I always wanted to be the kind of person who enjoys flying. Once upon a time, I had a very mild sense of superiority at the ability to enjoy a flight. No longer. The pieces fit together too well and I must admit to my mild shame that I am coming to hate flying.
While waiting in a standing-room only holding area in Lagos while every passenger on a very full flight to Houston was being frisked again before we could board the plane, it all fell into place:
- The way I can't sleep the night before
- The way my "stomach" is angry from the time I reach my first gate until I get off the last plane
- The way every layover with kids in tow sends me over the top in stress
- The way very few things in Nigeria could upset my equilibrium, but just the thought of trying to make it through US customs and security to catch a 1 hour layover triggered my fight-or-flight mechanisms WEEKS in advance
- My growing sense that TSA is all things evil and sadistic
I can handle waiting in a Nigerian airport with no electricity for 3 hours, wondering when my plane will leave. No problem. But forcing myself to be on someone else's tight schedule, sensing if I don't meet their every requirement they won't even let me get home and I'll need to spend yet another sleepless night in their airports ....
I feel claustrophic. I realized just before this last flight that I actually have more legroom than I do in most cars, but I feel far less confined in a car. I've volunteered to drive to conferences before instead of fly, claiming it would be cheaper but really because I'd MUCH rather drive.
Being surrounded by complete strangers in too little space with too many expectations (you're supposed to talk and be friendly - you're supposed to leave people alone completely even though your hips are rubbing the entire flight - you're supposed to start missionary conversations - you're supposed to get work done) and not enough guidance is stressful. It would be helpful if you could pick up an armband on your way in, with different colors signaling if you would like to be talkative or silent.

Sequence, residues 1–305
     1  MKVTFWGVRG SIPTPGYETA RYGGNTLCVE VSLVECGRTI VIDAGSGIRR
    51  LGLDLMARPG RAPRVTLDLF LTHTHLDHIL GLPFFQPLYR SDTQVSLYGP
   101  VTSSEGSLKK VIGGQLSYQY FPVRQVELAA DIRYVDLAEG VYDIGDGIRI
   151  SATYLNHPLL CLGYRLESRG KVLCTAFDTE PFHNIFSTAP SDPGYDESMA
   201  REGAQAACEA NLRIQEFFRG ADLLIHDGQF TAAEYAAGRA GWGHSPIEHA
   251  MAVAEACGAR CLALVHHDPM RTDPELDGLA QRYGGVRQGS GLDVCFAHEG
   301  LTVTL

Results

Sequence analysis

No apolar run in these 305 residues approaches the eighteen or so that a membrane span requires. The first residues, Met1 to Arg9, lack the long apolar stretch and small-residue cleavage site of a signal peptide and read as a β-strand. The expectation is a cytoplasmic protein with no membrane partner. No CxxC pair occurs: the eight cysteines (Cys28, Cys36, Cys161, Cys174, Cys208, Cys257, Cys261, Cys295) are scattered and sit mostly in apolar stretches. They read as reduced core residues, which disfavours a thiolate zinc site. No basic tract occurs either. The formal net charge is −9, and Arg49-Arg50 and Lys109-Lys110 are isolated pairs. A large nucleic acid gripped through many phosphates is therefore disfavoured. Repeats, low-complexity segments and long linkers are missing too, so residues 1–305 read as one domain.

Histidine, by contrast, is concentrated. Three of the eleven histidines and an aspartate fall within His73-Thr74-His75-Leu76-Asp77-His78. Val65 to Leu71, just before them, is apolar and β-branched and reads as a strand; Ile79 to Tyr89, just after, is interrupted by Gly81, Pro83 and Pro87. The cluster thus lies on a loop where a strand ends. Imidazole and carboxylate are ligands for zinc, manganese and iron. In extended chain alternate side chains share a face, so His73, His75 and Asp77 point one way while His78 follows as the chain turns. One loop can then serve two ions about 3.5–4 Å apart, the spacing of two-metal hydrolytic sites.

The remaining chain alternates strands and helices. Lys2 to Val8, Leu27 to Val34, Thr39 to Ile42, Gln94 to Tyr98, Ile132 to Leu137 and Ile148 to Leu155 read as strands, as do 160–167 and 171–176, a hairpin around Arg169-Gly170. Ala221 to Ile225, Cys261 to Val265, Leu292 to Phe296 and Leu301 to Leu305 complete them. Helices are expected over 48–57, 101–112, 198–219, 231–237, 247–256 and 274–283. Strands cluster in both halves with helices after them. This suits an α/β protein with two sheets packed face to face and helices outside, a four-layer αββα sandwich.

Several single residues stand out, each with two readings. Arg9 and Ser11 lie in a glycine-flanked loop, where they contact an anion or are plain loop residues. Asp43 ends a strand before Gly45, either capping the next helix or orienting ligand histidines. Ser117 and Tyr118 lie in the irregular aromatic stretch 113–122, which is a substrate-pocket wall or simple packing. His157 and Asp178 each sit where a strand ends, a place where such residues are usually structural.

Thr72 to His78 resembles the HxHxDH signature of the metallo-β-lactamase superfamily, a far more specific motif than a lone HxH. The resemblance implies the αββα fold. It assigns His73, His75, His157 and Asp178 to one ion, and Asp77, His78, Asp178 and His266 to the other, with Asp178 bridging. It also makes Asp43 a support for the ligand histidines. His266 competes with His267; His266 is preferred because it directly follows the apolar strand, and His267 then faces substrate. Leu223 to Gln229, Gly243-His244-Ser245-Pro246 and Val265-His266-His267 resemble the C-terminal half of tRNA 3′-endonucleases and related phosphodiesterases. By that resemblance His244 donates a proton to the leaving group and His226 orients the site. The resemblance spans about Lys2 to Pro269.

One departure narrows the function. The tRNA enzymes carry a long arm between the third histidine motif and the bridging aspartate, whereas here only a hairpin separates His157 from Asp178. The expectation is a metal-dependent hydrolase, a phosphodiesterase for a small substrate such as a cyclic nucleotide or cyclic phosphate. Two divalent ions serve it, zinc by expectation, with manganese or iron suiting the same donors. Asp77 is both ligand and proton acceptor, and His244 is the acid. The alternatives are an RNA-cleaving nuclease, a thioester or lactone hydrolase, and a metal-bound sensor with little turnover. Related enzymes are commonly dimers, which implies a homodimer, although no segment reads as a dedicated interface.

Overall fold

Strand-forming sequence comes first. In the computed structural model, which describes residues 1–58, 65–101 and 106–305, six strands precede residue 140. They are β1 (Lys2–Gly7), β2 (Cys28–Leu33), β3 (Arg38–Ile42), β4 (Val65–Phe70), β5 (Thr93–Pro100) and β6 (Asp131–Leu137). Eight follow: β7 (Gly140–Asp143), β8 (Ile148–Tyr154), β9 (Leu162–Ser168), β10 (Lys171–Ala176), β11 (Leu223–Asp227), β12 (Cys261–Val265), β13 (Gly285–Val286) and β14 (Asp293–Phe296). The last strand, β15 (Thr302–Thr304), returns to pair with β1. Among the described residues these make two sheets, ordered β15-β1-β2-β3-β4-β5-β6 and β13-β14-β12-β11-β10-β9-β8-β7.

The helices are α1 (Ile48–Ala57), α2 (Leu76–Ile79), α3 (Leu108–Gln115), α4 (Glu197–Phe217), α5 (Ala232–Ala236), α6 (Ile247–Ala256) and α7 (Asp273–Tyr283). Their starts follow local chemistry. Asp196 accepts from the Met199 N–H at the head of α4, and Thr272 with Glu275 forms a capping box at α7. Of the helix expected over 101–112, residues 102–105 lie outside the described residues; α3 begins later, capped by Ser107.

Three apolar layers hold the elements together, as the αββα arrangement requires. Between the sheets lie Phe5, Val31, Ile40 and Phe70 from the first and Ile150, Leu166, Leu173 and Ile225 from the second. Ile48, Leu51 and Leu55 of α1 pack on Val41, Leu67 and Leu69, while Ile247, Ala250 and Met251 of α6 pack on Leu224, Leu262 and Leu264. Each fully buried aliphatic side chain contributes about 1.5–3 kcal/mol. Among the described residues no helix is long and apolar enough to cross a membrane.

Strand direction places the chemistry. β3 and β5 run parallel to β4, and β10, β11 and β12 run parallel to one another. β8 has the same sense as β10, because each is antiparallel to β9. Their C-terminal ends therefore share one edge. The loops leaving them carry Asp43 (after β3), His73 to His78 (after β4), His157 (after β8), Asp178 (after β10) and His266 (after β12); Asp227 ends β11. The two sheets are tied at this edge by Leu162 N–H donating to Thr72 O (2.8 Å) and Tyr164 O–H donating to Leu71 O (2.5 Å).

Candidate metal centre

Taking care of children is multiple times more stressful: there's far more stuff to watch (and lose!), keeping the kids confined and the constant pressure of fearing the angry looks from other passengers when my children reveal that they are, in fact, alive and possess the wondrous gift of speech, keeping not myself but them entertained the entire flights, wondering if they are going to sleep or not.
I have lost three hats, a sweater, several disposable books, and the cross-stitch I've been working on for 16 years on various flights. The airlines are NO help whatsoever in recovering the property, even if I realize it two feet off the plane.
I can only sleep on a flight if Joy is there, which does nothing to brighten her day.
Even though I drink at every opportunity, get multiple drinks when the stewards pass, and go back to the kitchen for bottles of water, I still spend the next several days parched and dehydrated with cracking lips.
But we do like to end this blog on happy notes. Let me try.
Business class is nice because it gives me the room to work. Trying to get work done in coach is terrible, especially if my friend in the front seat decides to lean back. My leaning back doesn't help. And I still can't sleep even stretched out. But it sure is nice to have plenty of room to work and the extra attention and drinks help.
Catching up on my action movies is nice. Captain America and Iron Man made the last trip much better (while Prince slept next to me). The first Winnie the Pooh movie left something to be desired, though. Prince meanwhile fell asleep during Ratatouille and then watched Dumbo, which he enjoyed. But this only works if we each have our individual set. Whenever they pick a movie for the entire plane, it's probably one I have at best no interest in seeing and at worst need to actively avoid watching parts of, which is a terrible thing traveling with small children. End on a positive note, right. But catching up on my action movies is nice.